German poker pro Fedor Holz has finally achieved the one major accomplishment that had been missing from his repertoire – a World Series of Poker (WSOP) bracelet.
Earlier this week, Holz won the $111,111 High Roller for One Drop in Las Vegas and in doing so also won his first gold bracelet.
He took home $4,981,775 beating a field with 183 players, which made it his biggest win yet. Holz has been on a winning streak in high roller events this year. This year alone he has cashed over $9 million in various non-WSOP tournaments.
He claimed the first place in the $200,000 Triton Super High Roller winning $3.4 million, was the runner-up in the $300,000 Super High Roller Bowl winning $3.5 million, and got four wins in ARIA High Roller series taking around $1.7 million.
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In total, he has had 13 final table finishes which not only makes him the player with the highest number of final tables this year, but also the one with the most titles and prize money won in 2016 so far. Career winnings for Holz now stand at $18,395,882 placing him ninth on the all-time money list.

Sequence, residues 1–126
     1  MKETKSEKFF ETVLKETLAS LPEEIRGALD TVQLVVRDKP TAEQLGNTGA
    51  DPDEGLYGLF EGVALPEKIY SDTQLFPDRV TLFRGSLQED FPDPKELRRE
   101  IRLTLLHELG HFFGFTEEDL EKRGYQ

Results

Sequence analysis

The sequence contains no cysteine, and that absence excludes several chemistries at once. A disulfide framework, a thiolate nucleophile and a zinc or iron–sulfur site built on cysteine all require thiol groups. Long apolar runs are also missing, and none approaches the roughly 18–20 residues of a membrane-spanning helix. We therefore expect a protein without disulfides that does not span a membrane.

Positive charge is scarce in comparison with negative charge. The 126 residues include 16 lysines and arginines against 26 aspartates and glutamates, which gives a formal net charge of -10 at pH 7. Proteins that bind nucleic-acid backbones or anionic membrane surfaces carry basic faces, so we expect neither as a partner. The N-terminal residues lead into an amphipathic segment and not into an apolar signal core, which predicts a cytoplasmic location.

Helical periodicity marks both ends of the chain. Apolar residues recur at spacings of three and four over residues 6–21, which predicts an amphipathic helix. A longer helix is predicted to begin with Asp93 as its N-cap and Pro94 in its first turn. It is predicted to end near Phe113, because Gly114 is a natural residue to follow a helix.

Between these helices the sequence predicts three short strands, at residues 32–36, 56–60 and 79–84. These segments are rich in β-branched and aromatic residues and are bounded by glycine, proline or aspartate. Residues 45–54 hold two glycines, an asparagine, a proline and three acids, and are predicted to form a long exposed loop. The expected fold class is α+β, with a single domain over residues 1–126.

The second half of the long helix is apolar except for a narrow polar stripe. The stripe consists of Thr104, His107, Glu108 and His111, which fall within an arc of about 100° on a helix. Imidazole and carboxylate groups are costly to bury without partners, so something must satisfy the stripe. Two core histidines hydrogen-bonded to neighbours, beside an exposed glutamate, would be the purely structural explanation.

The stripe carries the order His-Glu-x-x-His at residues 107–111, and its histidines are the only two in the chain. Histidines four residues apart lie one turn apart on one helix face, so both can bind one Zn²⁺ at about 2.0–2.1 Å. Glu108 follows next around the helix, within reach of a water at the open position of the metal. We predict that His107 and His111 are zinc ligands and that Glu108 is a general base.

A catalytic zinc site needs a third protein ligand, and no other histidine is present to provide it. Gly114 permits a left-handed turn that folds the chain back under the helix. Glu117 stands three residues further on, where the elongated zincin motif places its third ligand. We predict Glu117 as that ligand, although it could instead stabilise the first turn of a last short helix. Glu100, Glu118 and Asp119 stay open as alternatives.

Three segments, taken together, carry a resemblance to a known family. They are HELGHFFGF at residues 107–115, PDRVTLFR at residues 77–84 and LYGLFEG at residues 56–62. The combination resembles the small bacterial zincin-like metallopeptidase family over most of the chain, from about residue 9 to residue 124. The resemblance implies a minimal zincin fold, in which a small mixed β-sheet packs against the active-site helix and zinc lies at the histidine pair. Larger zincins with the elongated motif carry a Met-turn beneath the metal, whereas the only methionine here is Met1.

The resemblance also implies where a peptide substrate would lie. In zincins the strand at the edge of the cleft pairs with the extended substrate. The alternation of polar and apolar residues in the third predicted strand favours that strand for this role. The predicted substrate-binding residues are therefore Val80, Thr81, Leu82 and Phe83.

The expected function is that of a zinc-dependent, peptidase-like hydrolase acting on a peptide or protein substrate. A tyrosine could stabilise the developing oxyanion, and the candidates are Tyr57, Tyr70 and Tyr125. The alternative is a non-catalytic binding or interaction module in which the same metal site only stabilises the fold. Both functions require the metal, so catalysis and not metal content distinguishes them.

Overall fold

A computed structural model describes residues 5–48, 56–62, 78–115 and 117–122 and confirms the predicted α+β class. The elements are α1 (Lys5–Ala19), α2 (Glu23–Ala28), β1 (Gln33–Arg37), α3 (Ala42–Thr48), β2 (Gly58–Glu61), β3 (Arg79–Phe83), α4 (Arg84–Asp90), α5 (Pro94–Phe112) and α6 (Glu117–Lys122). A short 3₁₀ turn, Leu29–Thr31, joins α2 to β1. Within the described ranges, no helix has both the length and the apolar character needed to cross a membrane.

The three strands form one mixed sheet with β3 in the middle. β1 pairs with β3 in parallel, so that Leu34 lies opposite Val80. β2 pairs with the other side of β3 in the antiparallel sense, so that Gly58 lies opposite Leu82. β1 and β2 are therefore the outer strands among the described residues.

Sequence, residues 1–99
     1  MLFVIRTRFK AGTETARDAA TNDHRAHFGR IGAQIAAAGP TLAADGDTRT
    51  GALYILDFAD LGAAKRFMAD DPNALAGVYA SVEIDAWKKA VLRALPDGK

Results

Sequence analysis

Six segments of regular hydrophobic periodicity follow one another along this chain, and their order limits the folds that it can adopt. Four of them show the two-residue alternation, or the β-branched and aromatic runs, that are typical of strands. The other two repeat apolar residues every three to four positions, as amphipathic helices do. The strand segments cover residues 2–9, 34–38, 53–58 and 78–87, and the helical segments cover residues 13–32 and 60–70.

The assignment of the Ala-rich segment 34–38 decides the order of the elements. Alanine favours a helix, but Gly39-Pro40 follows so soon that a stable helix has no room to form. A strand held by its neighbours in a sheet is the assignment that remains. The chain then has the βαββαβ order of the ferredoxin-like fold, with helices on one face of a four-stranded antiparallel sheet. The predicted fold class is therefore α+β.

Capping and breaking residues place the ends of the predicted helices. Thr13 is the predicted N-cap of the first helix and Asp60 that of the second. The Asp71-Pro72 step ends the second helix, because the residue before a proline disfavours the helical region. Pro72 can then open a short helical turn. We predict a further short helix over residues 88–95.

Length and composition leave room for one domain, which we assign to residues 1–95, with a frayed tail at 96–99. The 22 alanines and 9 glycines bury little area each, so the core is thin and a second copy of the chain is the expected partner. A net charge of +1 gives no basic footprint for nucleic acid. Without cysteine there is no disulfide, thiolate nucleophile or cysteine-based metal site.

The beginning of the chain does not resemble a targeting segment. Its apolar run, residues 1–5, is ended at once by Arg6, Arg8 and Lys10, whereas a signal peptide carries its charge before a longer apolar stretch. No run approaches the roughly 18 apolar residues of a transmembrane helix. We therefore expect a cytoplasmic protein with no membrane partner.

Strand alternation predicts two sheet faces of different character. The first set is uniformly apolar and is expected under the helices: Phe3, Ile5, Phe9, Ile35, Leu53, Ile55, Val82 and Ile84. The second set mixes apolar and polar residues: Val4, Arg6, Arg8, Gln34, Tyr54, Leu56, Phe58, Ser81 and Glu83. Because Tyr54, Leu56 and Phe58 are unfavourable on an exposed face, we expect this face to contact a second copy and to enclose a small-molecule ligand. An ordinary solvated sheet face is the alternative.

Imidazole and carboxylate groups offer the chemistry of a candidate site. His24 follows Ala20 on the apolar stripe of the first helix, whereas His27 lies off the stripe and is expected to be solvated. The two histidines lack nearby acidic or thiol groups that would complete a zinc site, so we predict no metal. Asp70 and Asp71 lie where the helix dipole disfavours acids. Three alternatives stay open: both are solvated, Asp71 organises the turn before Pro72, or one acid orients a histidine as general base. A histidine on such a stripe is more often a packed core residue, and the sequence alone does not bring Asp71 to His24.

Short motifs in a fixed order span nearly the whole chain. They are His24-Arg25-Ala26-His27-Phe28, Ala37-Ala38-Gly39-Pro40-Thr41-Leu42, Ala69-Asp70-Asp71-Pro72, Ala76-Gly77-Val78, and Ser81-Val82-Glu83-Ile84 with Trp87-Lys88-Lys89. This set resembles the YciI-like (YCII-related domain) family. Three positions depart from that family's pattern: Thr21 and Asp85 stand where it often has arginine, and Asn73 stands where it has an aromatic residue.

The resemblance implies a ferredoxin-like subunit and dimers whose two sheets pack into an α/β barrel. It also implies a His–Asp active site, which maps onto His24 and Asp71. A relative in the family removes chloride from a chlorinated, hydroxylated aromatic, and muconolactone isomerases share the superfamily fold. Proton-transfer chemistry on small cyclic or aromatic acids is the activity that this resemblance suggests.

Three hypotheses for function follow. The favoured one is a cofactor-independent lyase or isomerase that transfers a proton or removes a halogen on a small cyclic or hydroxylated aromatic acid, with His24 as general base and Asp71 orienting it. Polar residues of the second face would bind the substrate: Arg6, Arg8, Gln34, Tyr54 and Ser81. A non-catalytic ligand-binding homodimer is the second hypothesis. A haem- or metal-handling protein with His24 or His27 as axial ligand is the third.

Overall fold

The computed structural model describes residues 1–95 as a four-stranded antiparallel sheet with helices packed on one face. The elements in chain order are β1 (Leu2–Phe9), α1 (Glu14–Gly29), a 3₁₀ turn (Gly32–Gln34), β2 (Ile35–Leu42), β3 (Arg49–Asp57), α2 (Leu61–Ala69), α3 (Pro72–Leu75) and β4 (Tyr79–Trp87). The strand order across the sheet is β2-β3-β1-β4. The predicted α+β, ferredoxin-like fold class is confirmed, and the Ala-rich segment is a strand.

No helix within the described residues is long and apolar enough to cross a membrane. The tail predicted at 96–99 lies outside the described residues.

Holz who has not yet turned 23 is now considered to be among the best no-limit hold'em tournament players in the world. With this latest title, which is his fifth this year, Holz will join the elite ranks of poker pros who cashed in $10 million in a single year. So far there have been only six players who have done so.
In a statement Holz said,
Normally, I'm good with words, but this time, I don't really know what to say. I just feel so overwhelmed. I just feel in heaven right now.
Holz entered the final table with six other players, playing heads up in the end against American pro Dan Smith. Smith who was initially in the lead with a huge chip balance but Holz took a decisive lead in the last few hands. Smith won $3,078,974 for finishing in second place. He had earlier been placed third in the $25,000 pot-limit Omaha high roller.
For Holz this run of good luck is a once-in- a-lifetime occurrence that is to be enjoyed and appreciated. He has already expressed a wish to cut down his WSOP schedule in the coming years, saying that the seven weeks of continuous play was mentally draining.